Glasgow’s West End originally developed in Victorian and Edwardian times, and embraces an eclectic mix of

  • Tenements (including the extensive and homogeneous blocks in Hyndland c1900)
  • Terraces (eg the grade A “Great Western Terrace” by Alexander Thomson)
  • Villas (for instance in Dowanhill and Kelvinside)
  • Churches (eg Honeyman’s classical Struthers Memorial Church; Sellar’s Sainte-Chapelle inspired Kelvinside-Hillhead Church)
  • Retail premises (mainly Byres Rd and Great Western Rd, some with original fascias)
  • University (George Gilbert Scott) – details in the University Conservation Strategy
  • Lanes (former mews converted to commercial and domestic use eg Ashton Lane)
  • Botanic Gardens (including the remarkable Kibble Palace glasshouse)


Glasgow West Conservation Area (GWCA)

Glasgow has 23 conservation areas, “Central” and “Glasgow West” being the largest. A designated conservation area is defined as

an area of special architectural or historic interest, the character or appearance of which it is desirable to preserve or enhance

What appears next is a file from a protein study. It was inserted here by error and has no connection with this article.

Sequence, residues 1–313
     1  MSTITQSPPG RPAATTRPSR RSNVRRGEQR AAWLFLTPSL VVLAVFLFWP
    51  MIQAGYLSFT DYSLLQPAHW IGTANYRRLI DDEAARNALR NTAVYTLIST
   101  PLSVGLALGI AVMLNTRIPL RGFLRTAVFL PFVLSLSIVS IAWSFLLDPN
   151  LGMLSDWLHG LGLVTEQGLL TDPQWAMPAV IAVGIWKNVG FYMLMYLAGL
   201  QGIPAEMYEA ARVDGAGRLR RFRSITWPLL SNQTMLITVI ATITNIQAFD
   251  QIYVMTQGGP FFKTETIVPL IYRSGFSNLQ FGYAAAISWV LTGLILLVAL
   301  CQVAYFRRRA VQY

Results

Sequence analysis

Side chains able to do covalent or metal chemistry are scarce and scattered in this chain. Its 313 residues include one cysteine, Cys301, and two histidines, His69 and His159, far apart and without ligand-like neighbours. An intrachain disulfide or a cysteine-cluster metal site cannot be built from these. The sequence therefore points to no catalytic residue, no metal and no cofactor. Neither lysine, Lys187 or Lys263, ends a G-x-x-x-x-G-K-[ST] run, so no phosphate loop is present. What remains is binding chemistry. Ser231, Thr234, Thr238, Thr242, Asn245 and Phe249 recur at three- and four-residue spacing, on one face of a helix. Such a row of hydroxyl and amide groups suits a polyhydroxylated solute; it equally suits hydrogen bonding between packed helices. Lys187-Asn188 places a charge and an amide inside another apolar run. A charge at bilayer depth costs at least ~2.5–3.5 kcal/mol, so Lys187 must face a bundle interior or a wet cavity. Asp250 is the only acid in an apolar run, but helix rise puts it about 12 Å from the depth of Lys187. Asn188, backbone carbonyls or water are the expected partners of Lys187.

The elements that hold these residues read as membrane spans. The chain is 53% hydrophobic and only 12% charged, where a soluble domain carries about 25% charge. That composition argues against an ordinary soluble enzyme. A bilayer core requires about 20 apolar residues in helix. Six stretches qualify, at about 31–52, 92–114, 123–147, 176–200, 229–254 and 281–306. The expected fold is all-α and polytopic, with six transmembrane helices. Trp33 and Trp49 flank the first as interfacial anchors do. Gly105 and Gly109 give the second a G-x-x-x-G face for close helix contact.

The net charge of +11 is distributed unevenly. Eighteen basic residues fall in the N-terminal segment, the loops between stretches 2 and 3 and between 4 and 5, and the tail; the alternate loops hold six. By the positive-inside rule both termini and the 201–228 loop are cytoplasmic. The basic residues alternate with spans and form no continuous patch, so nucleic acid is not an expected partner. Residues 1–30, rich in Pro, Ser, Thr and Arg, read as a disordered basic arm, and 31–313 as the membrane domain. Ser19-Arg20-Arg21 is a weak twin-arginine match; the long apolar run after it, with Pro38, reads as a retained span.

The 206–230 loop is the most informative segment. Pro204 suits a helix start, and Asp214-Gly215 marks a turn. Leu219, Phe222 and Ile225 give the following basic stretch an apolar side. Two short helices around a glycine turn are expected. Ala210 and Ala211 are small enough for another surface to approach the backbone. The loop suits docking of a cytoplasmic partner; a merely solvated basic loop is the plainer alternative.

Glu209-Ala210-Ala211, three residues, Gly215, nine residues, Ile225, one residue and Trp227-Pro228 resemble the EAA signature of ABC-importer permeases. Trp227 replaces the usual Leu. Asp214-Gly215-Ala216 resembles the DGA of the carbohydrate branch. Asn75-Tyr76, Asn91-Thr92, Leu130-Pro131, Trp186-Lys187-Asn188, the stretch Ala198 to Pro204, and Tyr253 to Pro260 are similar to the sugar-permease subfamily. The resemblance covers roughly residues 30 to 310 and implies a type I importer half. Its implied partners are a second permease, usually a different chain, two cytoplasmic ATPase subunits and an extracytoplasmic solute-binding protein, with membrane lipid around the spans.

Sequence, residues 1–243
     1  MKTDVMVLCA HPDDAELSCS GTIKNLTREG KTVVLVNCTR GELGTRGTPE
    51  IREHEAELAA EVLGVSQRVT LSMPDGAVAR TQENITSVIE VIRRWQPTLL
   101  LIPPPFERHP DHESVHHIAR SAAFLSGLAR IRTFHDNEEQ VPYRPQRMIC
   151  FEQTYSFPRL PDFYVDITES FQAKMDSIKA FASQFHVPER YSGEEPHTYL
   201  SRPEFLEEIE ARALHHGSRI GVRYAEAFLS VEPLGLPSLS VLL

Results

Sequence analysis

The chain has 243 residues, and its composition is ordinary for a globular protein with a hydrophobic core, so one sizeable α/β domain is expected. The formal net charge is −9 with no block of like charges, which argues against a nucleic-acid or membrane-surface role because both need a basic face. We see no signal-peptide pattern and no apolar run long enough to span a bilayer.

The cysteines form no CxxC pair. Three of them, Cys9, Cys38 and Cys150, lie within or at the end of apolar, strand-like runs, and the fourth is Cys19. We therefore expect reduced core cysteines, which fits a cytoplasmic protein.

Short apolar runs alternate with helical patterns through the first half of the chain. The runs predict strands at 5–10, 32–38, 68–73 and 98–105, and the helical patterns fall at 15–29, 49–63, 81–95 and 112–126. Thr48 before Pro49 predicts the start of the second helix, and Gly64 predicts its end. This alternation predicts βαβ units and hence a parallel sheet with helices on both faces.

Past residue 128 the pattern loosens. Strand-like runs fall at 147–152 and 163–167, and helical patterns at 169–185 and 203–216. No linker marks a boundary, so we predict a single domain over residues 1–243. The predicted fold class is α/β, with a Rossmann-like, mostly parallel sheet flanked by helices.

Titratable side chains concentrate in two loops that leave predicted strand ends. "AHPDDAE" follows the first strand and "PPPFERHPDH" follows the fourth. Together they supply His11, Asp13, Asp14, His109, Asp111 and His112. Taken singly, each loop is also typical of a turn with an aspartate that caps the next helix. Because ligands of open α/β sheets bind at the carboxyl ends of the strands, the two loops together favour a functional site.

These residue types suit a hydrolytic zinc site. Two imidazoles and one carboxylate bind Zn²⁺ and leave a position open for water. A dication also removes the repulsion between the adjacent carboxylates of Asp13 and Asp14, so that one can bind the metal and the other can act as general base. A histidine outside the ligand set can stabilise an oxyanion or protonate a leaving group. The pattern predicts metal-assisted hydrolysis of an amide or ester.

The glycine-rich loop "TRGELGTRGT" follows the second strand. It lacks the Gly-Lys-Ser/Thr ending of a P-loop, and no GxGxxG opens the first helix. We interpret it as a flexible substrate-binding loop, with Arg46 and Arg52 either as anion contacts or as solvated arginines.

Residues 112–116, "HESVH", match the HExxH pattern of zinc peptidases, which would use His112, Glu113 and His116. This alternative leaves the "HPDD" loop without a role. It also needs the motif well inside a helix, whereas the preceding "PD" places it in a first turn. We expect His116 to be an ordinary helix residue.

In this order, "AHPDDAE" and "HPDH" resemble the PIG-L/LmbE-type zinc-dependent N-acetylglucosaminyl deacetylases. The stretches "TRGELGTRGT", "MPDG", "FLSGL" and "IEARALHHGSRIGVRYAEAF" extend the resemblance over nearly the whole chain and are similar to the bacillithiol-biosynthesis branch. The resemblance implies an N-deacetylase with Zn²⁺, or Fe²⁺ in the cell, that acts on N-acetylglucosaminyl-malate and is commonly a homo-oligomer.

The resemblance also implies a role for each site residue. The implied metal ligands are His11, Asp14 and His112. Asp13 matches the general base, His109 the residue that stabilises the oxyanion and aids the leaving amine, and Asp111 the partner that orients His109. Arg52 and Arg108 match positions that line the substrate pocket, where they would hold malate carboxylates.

Glasgow West Conservation Area Appraisal, published by Glasgow City Council in 2010, provides authoritative detailed information on the full range of aspects.

The National Library of Scotland’s Online Maps are an excellent way to view historic maps of the West End.

West End Addresses & Occupants 1844-1915 is an interesting locally-produced website.


Listed Buildings

Glasgow’s Listed Buildings number over 1800, all afforded special protection by their “A”, “B” or “C(S)” category. A number of these are PostWar. Glasgow’s Property Database may be used to check whether any city address is “Listed” and / or is located within a Conservation Area.  Alternatively, you can search Historic Environment Scotland Listed Buildings database.

The unofficial British Listed Buildings database has pages on Glasgow.

Pastmap provides an interactive map of historic sites and features – nb it may take time for the Data Layers to load.


Local Community Councils

Several local community councils lie within or adjoin the West End.

Local community councils are neighbourhood groups that promote the wellbeing of residents by ascertaining, co-ordinating and expressing to local authorities and other public bodies the views of the community.

West End and neighbouring community council information can be accessed via our Links page.